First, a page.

By Tim Power
Offshore wind projects face challenges that are not addressed by the regulatory system established for onshore projects
Around the globe, opportunity is on the rise, but regulatory and political challenges persist
Throughout the world, many national and local governments are creating regulatory and commercial environments to encourage developers, lenders and investors to build, finance and invest in offshore wind energy. This has led to an upswing in the number of offshore wind projects being planned and built around the world. Renewable energy generated by offshore wind power is typically consistent with nations' climate change commitments under the Paris Agreement to reduce greenhouse gas emissions. However, offshore wind farms have unique impacts, which are addressed through environmental and natural resource policies and rules.
Governments in many of the key markets for offshore wind investment typically require the environmental and social impacts of a proposed offshore wind project to be assessed and mitigated. The complexity, sophistication and duration of the environmental impact assessment process varies across jurisdictions, and must be carefully evaluated by potential developers and investors. Project proponents also need to be mindful that in most jurisdictions, although to varying degrees, the environmental and social impact assessment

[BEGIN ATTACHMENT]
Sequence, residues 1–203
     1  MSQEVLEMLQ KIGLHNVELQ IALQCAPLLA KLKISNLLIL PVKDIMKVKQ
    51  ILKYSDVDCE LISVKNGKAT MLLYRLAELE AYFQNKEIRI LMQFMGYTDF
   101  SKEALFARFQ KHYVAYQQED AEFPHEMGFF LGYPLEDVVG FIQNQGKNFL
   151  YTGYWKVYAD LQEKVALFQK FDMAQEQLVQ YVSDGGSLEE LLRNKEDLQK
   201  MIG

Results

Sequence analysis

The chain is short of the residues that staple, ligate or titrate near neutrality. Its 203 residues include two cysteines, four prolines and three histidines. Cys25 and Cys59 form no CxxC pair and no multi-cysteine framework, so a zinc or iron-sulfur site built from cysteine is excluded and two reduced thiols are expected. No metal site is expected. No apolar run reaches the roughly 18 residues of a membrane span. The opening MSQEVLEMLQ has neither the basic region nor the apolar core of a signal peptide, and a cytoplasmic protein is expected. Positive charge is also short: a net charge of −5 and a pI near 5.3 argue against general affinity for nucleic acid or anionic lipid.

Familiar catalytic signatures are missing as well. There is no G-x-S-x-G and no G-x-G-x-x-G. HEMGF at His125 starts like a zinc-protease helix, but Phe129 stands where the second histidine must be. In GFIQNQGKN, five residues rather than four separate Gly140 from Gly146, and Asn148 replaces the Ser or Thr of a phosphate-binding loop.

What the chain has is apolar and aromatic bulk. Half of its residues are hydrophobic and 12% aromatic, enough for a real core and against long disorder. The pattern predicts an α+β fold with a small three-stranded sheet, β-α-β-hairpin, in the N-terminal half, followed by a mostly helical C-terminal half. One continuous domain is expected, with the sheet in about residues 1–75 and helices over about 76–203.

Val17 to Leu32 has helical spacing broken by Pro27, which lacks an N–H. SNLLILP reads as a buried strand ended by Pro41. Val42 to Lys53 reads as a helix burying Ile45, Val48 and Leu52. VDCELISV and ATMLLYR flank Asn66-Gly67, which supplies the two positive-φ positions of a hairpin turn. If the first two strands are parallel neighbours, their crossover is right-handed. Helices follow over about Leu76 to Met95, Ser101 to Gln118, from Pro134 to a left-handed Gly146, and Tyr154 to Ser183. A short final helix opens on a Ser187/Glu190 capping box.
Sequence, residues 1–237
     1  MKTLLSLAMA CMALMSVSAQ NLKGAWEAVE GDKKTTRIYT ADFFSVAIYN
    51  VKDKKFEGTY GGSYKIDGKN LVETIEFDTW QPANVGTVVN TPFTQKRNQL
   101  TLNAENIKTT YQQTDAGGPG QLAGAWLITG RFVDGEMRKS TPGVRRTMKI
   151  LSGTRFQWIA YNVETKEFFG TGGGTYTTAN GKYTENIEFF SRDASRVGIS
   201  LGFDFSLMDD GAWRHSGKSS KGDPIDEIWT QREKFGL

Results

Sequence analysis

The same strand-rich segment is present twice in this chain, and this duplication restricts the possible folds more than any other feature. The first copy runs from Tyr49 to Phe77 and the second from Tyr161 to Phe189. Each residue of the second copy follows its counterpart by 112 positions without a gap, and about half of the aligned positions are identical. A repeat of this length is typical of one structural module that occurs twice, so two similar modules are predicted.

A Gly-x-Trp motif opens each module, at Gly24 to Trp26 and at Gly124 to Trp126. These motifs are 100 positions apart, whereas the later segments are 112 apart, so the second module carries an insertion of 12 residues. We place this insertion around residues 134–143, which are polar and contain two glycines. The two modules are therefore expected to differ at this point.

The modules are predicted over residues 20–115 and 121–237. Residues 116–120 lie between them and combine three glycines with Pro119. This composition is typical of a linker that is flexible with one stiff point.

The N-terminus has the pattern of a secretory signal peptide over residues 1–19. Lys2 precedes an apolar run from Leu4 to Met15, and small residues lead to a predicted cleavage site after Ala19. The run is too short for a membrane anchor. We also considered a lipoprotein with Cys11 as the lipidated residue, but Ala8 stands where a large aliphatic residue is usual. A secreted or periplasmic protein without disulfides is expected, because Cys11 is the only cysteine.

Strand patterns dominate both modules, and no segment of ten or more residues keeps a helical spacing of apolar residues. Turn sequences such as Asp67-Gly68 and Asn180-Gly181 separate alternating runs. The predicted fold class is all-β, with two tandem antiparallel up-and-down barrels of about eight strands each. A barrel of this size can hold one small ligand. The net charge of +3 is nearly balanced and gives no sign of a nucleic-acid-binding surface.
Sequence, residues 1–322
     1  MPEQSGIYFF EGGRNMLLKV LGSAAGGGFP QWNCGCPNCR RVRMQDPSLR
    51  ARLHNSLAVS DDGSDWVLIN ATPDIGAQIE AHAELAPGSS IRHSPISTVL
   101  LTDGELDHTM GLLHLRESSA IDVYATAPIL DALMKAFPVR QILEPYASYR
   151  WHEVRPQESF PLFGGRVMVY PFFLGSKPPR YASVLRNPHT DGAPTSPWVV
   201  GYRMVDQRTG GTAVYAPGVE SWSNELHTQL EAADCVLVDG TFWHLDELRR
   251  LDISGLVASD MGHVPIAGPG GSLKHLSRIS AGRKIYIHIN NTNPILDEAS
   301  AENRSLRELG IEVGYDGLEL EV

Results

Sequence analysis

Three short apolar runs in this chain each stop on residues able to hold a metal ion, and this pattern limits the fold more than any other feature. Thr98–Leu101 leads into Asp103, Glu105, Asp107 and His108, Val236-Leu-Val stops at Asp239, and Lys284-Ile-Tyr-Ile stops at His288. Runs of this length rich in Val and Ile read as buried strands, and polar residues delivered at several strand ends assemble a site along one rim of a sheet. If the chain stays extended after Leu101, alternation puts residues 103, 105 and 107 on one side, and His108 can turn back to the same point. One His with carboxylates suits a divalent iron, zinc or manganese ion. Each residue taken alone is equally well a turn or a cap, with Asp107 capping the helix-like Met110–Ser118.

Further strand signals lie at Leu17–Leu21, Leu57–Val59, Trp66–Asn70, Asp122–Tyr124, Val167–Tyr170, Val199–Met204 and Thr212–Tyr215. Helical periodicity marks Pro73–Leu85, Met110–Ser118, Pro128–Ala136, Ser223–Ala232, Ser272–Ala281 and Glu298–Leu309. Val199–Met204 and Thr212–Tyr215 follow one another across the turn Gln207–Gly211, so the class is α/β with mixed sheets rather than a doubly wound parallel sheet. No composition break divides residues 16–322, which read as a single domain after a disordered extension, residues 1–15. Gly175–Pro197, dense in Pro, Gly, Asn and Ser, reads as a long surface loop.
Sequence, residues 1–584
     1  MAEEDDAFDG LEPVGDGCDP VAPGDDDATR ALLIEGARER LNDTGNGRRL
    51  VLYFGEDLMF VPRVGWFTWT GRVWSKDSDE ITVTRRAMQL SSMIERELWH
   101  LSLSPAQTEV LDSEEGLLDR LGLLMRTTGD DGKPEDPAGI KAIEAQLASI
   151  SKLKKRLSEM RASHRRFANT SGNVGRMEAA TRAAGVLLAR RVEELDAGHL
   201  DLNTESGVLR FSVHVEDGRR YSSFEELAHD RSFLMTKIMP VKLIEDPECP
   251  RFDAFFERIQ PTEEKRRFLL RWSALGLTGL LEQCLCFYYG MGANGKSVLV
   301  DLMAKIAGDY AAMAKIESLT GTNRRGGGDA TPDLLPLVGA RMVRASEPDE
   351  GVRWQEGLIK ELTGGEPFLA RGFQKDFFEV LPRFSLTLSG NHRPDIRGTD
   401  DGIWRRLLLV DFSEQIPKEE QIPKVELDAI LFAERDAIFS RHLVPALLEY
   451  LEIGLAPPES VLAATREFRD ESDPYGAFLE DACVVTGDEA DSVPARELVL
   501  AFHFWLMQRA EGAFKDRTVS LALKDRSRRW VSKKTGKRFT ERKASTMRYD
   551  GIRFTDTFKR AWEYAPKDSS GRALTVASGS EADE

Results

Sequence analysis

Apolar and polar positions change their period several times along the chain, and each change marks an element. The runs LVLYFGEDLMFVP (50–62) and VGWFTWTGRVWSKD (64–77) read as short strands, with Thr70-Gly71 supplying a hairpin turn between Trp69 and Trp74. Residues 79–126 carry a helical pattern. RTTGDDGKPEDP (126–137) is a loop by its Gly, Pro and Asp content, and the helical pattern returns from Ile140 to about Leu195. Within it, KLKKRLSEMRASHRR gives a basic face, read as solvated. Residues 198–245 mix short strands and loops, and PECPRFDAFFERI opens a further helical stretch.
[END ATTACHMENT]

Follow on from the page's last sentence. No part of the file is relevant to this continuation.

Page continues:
is subject to public scrutiny and comment, and can also be vulnerable to legal challenges.
This report offers an overview of key environmental risks raised by offshore wind projects in six key jurisdictions: Australia; Germany; Japan; Mexico; the UK; and the US. Offshore wind farms operate in many of these jurisdictions. In others, they are increasingly attractive because of higher offshore wind speeds and capacity factors, shallow ocean depths and supportive government policies. We summarize how regulators in these jurisdictions require project proponents to consider impacts to birds, bats, fish and marine mammals during the development process. We also assess how noise associated with the construction and operation of offshore wind projects must be addressed. Finally, we focus on the aesthetic considerations, decommissioning requirements and impacts to fishing, navigation and transportation that arise in the planning, construction and operation of an offshore wind project.
To maximize its potential, industry players will have to navigate an often-complex web of national, state and local environmental regulation